37. “The foundations of our national policy will be laid in the pure and immutable principles of private morality, and the preeminence of free government be exemplified by all the attributes which can win the affections of its citizens, and command the respect of the world.”

38. “The preservation of the sacred fire of liberty, and the destiny of the republican model of government, are justly considered deeply, perhaps as finally, staked on the experiment entrusted to the hands of the American people.”

39. “It should be the highest ambition of every American to extend his views beyond himself, and to bear in mind that his conduct will not only affect himself, his country, and his immediate posterity; but that its influence may be co-extensive with the world, and stamp political happiness or misery on ages yet unborn.”
40. “The Hand of providence has been so conspicuous in all this, that he must be worse than an infidel that lacks faith, and more than wicked, that has not gratitude enough to acknowledge his obligations.”

41. “No country upon earth ever had it more in its power to attain these blessings than United America. Wondrously strange, then, and much to be regretted indeed would it be, were we to neglect the means and to depart from the road which Providence has pointed us to so plainly; I cannot believe it will ever come to pass.”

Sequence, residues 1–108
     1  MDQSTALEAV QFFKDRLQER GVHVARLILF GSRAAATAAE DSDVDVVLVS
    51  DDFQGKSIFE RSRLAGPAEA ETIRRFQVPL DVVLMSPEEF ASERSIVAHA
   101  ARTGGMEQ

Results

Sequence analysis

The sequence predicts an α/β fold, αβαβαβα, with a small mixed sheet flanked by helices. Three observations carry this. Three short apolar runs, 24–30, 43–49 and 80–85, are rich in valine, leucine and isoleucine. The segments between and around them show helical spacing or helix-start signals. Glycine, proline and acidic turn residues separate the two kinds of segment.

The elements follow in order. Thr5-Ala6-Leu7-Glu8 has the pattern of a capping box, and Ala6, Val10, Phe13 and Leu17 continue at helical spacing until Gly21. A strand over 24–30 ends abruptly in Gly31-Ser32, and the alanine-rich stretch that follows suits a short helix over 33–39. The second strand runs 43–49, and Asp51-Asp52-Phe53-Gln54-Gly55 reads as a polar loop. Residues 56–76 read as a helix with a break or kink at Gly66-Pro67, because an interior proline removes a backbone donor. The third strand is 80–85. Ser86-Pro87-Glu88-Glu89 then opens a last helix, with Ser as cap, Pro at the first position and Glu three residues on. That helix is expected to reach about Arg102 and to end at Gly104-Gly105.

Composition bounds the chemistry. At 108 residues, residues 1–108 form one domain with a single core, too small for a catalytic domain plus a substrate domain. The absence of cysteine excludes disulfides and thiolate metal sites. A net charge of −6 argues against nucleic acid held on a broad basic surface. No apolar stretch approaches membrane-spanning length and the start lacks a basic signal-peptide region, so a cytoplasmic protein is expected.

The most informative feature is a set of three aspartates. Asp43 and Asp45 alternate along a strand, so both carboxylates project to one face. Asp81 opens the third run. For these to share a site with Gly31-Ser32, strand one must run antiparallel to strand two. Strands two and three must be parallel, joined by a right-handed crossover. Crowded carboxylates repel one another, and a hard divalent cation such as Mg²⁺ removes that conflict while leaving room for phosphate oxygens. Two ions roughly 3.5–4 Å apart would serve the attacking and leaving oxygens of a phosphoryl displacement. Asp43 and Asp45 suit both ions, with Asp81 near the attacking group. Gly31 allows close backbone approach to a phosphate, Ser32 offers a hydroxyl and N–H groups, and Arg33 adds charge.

42. “Over grown military establishments are under any form of government inauspicious to liberty, and are to be regarded as particularly hostile to republican liberty.”

43. “Citizens by birth or choice of a common country, that country has a right to concentrate your affections. The name of American, which belongs to you, in your national capacity, must always exalt the just pride of Patriotism, more than any appellation derived from local discriminations.”

44. “I anticipate with pleasing expectations that retreat in which I promise myself to realize, without alloy, the sweet enjoyment of partaking, in the midst of my fellow citizens, the benign influence of good laws under a free government, the ever favorite object of my heart, and the happy reward, as I trust, of our mutual cares, labors, and dangers.”

45. “I hope, some day or another, we shall become a storehouse and granary for the world.”

46. “The time is near at hand which must determine whether Americans are to be free men or slaves.”